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Chapter 1:The First Civilizations


Chapter 1:The First Civilizations 1. THE RISE OF CIVILIZATIONS The rise of civilizations developed along with surplus food production. It enabled people to work in ... – PowerPoint PPT presentation

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Title: Chapter 1:The First Civilizations

Chapter 1The First Civilizations
  • The rise of civilizations developed along with
    surplus food production. It enabled people to
    work in political, religious, military positions,
    or in artistic various skilled occupations
    rulers to control laborers. The first
    civilization arose in Mesopotamia over 7,000
    years ago in
  • West Asia. There are other 6 centers of early
    civilizations including the Nile Valley.

  • Routes of Human Migration

Brick homes many stories high were common. They
also developed systems of writing and counting,
and dug canals to irrigate their farms.
  • Around 2500 bc, a civilization developed around
    the Indus River with perfect systems of drainage
    of brick-lined sewers.

was the first civilization to develop a
comprehensive writing system and to leave a
written record in China.
  • Shang dynasty (1570-1045 bc) in the Yellow River
    Valley of the North China Plain

  • The Aztec created an empire in the 1400s in
    Mexico now, which was destroyed by the Spaniards
    in 1521.

ruins of Maya cities have been discovered in this
area. The Maya civilization collapsed in about ad
  • The Maya civilization encompassed part of Mexico,
    Guatemala, El Salvador and Honduras now. An
    indication of the skill and artistry of their
    architects, the

  • The Inca built one of the wealthiest and the
    largest empires in to-days South America from
    the early 1500s. Located along the western coast
    of the South Pacific Ocean, the empire extended
    more than 4000 km and included regions of
    Colombia, Bolivia, Ecuador, Peru, Chile, and

  • Mesopotamia, located in a region with parts of
    eastern Syria, Iraq, southeastern Turkey today,
    lay between two rivers, the Tigris and the
    Euphrates. The name Mesopotamia is a Greek word
    meaning between the rivers. Its oldest known
    communities date from 7000 bc. Several
    civilizations flourished in the region. In the
    6th century B.C. it came to be part of the
    Persian Empire, the largest empire then.

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  • The Tigris River flows through Iraq that
    occupies the greater part of the ancient land of
    Mesopotamia, the plain between the Tigris and
    Euphrates rivers.

  • The Tigris that brings water to the desert has
    sustained agricultural communities for several
    thousand years.

  • A. Early Mesopotamian City-States Empires
  • The need for self-defense irrigation led the
    Sumerians to develop cities by the 4,000 bc,
    followed subsequently by the Akkadians, the
    Gutians, the Elamites, before Hammurabi of
    Babylon (1792-1750 bc) that later fell to the
    Hittites and then to the Kassites, Amorites in
    Ashu which fell to the Hurrians. Kassite
    Babylonia flourished on the cities villages.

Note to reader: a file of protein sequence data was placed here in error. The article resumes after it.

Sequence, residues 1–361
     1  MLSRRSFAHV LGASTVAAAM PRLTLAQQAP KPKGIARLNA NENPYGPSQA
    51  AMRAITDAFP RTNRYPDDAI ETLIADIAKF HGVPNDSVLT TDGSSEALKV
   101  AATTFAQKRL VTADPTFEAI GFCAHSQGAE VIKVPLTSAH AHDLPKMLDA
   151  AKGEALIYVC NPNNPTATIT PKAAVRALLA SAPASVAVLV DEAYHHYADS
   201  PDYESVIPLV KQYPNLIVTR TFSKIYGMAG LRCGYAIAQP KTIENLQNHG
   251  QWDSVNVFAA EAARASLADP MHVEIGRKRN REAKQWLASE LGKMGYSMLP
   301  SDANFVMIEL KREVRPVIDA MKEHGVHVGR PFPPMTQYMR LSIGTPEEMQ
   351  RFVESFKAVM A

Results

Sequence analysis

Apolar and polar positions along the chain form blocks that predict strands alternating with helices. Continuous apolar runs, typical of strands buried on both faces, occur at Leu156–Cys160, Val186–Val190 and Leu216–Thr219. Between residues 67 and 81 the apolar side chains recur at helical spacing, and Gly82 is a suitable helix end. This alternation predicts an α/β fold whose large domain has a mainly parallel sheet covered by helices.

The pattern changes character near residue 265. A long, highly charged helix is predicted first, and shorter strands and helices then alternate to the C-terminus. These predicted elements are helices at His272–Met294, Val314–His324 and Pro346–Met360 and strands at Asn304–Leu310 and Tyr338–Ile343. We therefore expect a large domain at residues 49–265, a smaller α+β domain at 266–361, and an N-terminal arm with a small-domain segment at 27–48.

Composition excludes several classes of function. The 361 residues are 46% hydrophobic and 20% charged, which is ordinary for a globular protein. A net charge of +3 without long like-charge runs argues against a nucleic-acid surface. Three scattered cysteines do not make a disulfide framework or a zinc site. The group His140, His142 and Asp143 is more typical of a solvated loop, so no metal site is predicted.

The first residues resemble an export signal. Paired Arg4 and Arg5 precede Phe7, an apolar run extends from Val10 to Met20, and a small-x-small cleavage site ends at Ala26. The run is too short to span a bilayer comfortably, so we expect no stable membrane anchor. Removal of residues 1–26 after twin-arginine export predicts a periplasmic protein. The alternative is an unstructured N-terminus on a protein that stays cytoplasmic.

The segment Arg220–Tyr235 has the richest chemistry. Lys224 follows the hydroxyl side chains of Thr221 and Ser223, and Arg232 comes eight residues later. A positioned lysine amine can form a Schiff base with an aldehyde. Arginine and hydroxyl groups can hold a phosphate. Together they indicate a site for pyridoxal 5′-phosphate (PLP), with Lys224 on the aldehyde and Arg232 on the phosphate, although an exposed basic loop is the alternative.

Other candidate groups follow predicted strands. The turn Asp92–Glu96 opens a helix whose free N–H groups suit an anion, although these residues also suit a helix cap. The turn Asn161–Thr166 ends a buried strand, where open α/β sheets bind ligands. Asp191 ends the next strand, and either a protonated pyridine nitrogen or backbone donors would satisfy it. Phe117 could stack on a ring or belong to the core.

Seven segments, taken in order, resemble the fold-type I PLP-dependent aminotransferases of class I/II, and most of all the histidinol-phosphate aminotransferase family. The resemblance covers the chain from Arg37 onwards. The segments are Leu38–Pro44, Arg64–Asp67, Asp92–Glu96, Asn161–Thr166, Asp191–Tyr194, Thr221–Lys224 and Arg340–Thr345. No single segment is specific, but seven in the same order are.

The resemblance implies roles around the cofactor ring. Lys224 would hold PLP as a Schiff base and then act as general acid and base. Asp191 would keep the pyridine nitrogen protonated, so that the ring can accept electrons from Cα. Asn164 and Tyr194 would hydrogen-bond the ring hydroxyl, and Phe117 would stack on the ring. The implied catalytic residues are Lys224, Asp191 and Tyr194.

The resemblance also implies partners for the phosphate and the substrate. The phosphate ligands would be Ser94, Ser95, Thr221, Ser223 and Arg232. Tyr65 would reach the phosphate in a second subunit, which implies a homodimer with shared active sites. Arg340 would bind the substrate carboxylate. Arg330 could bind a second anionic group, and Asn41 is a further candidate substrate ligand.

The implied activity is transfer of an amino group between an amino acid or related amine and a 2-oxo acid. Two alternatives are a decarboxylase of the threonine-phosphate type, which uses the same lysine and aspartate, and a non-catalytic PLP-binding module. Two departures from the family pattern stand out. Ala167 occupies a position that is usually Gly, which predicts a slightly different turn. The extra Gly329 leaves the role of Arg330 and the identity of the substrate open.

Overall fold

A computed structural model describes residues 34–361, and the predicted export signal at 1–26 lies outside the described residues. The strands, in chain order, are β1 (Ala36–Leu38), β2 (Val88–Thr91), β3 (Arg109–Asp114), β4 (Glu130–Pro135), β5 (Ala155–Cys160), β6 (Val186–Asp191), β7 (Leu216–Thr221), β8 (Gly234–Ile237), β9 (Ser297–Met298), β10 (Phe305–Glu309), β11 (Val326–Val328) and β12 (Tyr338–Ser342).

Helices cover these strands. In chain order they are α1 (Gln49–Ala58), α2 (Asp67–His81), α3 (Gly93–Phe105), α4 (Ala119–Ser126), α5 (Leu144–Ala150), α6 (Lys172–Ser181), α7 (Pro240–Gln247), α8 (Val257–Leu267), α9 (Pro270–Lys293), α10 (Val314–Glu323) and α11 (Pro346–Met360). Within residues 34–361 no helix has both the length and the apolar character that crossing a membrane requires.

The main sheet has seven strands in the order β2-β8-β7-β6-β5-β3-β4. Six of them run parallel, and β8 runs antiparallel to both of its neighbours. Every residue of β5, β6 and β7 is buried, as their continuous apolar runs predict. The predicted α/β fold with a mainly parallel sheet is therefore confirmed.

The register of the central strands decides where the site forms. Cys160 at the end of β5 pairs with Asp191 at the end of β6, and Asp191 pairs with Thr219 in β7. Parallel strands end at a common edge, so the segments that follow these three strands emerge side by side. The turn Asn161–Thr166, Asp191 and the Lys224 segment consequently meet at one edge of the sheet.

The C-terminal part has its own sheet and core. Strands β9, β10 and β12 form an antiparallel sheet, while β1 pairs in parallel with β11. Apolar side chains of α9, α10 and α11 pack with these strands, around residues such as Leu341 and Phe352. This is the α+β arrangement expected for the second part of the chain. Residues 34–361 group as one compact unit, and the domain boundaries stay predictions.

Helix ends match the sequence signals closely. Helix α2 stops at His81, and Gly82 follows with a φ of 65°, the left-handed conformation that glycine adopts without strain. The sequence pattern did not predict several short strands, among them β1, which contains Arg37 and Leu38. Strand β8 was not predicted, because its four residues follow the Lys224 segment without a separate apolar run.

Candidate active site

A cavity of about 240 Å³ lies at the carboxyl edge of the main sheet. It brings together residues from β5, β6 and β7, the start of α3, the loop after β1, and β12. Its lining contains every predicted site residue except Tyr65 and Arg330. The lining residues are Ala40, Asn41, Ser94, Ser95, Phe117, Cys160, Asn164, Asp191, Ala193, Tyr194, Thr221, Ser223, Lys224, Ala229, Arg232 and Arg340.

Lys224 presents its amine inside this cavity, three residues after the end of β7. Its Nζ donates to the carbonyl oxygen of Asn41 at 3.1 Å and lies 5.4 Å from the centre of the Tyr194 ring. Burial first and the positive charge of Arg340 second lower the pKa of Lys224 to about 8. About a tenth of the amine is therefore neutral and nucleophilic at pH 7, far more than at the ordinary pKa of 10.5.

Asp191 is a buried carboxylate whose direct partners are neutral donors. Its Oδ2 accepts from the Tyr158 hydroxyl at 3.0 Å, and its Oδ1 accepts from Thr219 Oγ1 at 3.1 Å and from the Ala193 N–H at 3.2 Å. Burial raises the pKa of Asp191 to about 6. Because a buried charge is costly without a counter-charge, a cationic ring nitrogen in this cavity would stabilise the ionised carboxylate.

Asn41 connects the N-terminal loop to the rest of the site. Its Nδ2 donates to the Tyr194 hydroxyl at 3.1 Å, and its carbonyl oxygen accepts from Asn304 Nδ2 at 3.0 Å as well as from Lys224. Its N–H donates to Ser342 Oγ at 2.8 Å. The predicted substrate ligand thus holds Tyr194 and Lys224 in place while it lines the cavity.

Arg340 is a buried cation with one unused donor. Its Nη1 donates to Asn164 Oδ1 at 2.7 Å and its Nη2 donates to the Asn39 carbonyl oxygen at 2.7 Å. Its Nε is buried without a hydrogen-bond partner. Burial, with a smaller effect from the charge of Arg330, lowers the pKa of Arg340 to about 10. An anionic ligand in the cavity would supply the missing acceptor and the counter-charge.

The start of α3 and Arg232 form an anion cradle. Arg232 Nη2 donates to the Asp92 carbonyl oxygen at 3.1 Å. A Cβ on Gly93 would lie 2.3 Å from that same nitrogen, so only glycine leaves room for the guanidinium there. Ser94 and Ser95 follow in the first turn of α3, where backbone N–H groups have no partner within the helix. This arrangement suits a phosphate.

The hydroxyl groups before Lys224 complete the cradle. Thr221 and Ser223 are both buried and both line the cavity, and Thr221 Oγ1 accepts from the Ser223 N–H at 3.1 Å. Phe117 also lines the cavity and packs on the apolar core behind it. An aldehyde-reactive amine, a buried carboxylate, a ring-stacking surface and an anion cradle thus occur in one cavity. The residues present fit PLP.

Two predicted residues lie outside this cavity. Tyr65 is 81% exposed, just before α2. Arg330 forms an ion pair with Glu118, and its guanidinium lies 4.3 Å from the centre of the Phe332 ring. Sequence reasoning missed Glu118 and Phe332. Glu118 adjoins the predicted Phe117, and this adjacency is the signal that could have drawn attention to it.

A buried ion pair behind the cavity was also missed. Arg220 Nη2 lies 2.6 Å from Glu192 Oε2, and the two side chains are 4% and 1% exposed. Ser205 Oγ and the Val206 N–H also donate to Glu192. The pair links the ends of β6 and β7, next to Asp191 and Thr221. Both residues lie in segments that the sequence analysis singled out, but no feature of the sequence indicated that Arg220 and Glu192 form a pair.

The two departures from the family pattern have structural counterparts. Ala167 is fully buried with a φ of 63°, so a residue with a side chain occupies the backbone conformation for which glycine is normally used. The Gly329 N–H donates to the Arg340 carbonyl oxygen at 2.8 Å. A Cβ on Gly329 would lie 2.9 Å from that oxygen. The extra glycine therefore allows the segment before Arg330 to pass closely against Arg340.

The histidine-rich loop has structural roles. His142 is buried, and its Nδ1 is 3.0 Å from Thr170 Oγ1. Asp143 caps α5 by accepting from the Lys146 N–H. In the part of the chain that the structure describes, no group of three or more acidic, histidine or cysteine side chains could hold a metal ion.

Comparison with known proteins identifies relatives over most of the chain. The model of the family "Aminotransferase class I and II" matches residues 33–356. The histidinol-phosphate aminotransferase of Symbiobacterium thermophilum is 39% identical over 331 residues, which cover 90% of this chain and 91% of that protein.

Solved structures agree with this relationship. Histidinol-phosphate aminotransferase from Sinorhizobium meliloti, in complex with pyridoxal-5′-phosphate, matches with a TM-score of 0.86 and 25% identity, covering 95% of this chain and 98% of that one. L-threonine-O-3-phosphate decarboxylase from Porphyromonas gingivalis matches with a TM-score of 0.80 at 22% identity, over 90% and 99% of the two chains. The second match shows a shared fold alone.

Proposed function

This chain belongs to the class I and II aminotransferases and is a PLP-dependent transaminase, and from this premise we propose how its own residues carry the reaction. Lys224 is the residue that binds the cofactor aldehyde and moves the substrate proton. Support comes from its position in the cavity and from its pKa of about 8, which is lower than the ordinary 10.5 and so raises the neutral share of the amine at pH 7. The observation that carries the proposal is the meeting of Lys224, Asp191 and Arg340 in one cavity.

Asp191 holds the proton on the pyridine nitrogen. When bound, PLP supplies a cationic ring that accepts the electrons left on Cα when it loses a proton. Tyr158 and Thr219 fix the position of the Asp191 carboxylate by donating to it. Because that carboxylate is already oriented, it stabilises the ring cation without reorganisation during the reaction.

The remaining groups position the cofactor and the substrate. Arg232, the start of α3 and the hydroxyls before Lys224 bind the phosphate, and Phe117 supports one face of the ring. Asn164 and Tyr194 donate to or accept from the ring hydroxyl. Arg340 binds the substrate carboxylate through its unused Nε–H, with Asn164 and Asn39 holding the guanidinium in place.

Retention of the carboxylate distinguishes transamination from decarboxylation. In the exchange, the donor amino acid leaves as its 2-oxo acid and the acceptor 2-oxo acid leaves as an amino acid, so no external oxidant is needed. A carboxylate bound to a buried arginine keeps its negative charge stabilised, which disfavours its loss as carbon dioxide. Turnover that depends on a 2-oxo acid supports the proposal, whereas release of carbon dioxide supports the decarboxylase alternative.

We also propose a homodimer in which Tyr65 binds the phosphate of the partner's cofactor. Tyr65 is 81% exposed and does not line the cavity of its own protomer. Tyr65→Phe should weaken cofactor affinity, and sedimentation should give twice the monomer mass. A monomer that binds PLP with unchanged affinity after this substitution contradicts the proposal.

• Mesopotamia nourished some of the worlds
    earliest settlements. The Sumerians in about 3500
    bc built a canal system and the worlds first

  • Cuneiform
  • Ancient peoples of Mesopotamia kept important
    documents in a system of writing, cuneiform, into
    clay or stone tablets that probably originated in
    Sumeria more than 4,000 years ago. The
    collections of tablets in Mesopotamia are viewed
    as the earliest libraries known so far.

  • This Mesopotamian terra-cotta urn that dates
    back to 5000 and 3000 bc exhibits a design
    typical of ancient Persian art. As ancient
    nomadic tribes in the Middle East left no written
    records, the artwork buried with the dead
    provides information useful about them.

  • This bronze head from Nineveh, which dates
    from about 2300 bc is representative of an
    Akkadian king. The hair style and beard are
    typical of the Mesopotamian art.

  • B. The Code of Hammurabi
  • Babylonian king Hammurabi creates a law code.
    The basis of criminal law is that of equal
    retaliation. The law offers protection to all
    classes of Babylonian society it seeks to
    protect the weak and the poor, including women,
    children, slaves, against injustice of the rich
    and powerful. This code proves the law and
    justice of Hammurabis rule.

  • Hammurabi, king of Babylon, united the
    diverse tribes in the Mesopotamian area. Code of
    Hammurabi is a set of laws for the conduct of
    society and individuals it is one of the first
    bodies of written law in our human history.

impressive Babylonian army, conquered his rivals
and established a unified Mesopotamia. He proved
to be as great an administrator as he was a
  • The Code of Hammurabi is engraved on the black
    basalt of this stele made in the first half of
    the 18th century bc. The top portion, shown here,
    depicts the sun god Shamash presenting to
    Hammurabi a staff and ring, symbols of the power
    to administer the law. In his reign (1792-1750
    bc), Hammurabi, by means of his

  • Kingdom of Babylonia (1792--) formed around the
    region where the Tigris and Euphrates rivers flow
    in relatively parallel courses toward the Persian

  • C. Religion